Tabling the government’s Tsh36.3 trillion ($15.78 billion) 2021/22 budget in Parliament on June 10, the government said the IMF loan was a low-interest loan aimed at tackling the social and economic impacts of Covid-19.

IMF officials in Dar es Salaam and Washington were quoted by Reuters as confirming talks on the matter, noting, however, that Tanzania would have to provide information on Covid-19.

Source - The East African

The current Covid-19 surge in Africa is proving to be the most brutal in the continent, warn the World Health Organisation’s Regional Office for Africa and the Africa CDC, even as the vaccine supply crunch persists.

Director of the Africa Centres for Disease Control and Prevention (Africa CDC) John Nkengasong said last week on Thursday that Africa was losing the battle against the coronavirus and expressed concern that the virus might gain what he called “endemicity” in parts of the continent.

Africa is facing a fast-surging third wave of Covid-19 pandemic, according to WHO with cases spreading more rapidly and projected to soon overtake the peak of the second wave the continent witnessed at the start of the year.

“Timely access to vaccines to vaccinate at scale and with speed is crucial if we’re to win this battle,” said Dr Nkengasong.

This comes even as it became apparent that the WHO-backed Covax was headed for an overhaul over its failure to deliver on its mandate to procure vaccines for the continent.

Dr Nkengasong warned that without expeditious access to vaccines the virus will spread to rural areas, where it is extremely difficult to mop up, “because that will become the beginning of the endemicity of the pandemic and we will then move from a pandemic to thinking of how to manage it in terms of an endemic disease as with malaria, HIV and others.”

The original plan was to do rapid mass vaccinations, which unfortunately has not happened and we are far away from the targets we had hoped to achieve by now.”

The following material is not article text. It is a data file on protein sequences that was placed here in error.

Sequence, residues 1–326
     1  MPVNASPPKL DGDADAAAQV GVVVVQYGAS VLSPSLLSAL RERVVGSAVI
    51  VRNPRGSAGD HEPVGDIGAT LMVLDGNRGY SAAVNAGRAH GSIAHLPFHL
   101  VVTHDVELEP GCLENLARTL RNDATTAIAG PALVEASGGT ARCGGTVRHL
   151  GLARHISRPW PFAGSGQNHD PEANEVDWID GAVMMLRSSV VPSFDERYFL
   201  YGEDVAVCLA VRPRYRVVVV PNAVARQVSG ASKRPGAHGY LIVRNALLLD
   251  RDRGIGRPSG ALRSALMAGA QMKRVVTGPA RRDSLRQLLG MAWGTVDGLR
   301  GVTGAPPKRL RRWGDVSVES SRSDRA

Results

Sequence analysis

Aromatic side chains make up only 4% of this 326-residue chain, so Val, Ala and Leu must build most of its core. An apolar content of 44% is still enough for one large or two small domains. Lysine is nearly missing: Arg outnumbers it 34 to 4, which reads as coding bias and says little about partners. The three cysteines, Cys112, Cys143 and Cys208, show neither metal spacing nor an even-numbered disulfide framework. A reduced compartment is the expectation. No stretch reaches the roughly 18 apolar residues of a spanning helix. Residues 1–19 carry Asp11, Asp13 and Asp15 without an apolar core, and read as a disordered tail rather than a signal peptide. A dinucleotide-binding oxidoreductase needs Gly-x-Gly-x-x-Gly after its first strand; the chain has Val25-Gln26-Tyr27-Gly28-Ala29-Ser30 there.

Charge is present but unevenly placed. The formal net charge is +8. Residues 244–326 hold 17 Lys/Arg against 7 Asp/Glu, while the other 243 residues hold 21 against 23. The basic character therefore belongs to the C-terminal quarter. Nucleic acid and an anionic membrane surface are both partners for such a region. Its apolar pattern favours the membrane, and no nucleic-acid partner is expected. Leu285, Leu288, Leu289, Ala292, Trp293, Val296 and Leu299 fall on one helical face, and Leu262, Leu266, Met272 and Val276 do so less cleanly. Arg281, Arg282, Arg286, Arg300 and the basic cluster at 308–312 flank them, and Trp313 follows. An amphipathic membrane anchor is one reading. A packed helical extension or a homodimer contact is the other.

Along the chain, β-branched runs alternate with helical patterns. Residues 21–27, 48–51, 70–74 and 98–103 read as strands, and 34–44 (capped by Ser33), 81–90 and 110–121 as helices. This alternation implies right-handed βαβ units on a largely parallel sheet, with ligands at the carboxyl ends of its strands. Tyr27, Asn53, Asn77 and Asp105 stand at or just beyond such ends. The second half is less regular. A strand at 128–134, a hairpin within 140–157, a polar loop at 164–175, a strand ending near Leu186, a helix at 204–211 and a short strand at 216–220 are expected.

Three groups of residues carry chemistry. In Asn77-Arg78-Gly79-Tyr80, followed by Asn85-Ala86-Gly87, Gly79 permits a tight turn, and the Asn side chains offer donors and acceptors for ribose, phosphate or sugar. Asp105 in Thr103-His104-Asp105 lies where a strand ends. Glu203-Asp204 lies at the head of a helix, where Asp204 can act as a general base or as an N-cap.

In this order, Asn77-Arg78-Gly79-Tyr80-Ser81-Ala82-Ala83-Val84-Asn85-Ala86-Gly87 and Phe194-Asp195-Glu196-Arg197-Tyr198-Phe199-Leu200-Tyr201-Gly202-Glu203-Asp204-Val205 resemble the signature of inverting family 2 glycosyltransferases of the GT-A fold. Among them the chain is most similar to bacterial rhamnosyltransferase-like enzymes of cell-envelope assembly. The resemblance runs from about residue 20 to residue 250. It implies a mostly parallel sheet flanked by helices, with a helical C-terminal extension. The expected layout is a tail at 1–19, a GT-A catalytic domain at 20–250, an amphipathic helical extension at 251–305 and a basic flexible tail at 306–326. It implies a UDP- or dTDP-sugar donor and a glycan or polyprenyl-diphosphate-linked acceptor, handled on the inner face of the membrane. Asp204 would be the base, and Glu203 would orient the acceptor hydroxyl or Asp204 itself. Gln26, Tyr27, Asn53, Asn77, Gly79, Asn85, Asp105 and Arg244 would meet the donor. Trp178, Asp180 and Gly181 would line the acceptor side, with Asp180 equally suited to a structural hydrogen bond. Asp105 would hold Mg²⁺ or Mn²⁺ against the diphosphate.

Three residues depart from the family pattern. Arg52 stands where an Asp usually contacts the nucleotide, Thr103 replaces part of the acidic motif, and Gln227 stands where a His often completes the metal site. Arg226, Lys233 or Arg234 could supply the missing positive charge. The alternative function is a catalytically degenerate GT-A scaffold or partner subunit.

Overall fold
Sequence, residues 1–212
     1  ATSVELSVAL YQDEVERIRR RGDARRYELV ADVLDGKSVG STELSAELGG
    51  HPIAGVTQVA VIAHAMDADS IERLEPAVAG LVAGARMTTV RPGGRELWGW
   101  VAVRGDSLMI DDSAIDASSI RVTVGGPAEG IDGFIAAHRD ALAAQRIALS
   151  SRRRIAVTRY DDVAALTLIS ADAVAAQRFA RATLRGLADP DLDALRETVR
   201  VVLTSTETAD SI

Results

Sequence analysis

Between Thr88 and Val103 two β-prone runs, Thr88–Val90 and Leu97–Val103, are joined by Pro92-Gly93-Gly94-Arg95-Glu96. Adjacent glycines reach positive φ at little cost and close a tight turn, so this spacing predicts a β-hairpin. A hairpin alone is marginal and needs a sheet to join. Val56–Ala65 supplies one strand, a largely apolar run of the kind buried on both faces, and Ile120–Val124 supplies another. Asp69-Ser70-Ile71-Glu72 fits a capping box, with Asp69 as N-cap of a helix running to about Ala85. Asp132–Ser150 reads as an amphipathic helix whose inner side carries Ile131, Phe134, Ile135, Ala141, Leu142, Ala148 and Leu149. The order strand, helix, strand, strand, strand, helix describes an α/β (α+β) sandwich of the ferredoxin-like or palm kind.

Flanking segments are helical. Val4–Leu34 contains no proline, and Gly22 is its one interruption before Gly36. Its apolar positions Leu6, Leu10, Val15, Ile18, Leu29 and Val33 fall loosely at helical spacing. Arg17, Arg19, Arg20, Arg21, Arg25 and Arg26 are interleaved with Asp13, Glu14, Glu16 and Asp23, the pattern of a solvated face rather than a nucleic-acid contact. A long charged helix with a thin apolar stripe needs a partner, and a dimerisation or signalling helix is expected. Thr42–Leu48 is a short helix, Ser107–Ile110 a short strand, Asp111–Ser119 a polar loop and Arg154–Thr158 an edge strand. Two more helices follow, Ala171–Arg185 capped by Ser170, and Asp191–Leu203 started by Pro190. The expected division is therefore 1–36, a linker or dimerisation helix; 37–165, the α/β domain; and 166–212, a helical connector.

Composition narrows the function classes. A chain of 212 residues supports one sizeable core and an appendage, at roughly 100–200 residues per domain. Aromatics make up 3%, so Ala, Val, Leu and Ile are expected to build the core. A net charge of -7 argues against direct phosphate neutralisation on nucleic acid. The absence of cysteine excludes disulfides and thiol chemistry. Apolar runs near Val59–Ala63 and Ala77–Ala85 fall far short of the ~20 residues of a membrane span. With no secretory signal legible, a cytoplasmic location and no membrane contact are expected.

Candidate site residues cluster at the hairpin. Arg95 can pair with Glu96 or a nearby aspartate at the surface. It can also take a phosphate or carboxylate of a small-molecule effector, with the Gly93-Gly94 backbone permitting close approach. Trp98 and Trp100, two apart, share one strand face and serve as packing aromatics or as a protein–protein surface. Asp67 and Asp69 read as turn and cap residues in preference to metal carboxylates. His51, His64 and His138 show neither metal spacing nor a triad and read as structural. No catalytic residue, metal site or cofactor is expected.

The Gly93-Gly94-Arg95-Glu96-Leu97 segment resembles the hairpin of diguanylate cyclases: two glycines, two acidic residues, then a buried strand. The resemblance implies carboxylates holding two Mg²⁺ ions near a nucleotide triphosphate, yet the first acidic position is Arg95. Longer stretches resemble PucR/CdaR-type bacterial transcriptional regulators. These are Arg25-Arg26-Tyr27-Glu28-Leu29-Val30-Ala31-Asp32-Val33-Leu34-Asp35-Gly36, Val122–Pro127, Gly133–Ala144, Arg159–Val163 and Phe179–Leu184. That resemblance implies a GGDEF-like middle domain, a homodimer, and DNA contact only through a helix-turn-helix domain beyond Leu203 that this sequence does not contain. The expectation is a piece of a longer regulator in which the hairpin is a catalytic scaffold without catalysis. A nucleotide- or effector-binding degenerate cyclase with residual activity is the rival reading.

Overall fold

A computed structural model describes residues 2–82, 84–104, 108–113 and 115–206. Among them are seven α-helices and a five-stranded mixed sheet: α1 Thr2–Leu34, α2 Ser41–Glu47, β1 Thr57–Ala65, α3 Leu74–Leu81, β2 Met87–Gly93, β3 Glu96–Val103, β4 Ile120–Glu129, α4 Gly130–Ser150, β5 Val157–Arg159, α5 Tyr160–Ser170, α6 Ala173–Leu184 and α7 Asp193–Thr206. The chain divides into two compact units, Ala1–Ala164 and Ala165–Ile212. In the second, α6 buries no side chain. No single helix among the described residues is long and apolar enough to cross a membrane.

During the week, the World Bank announced that it was stepping in to help Africa get vaccines. The announcement was made during a meeting between African finance ministers and the lender.

Hospitals in Uganda, DR Congo and Zambia have been overrun by the pandemic and the WHO is deploying more laboratory experts to monitor variants of concern.

“The third wave which has hit 20 countries thus far, has come with a severity that was not expected. Most countries were not prepared for it,” said Dr Nkengasong.

The Africa CDC said the delta variant is aggressively taking over from other variants in 20 countries on the continent.

“The third wave is picking up speed, spreading faster, hitting harder. With rapidly rising case numbers and increasing reports of serious illness, the latest surge threatens to be Africa’s worst yet. Africa can still blunt the impact of these fast-rising infections, but the window of opportunity is closing. Everyone everywhere can do their bit by taking precautions to prevent transmission,” said WHO regional director for Africa, Matshidiso Moeti.

Source - The East African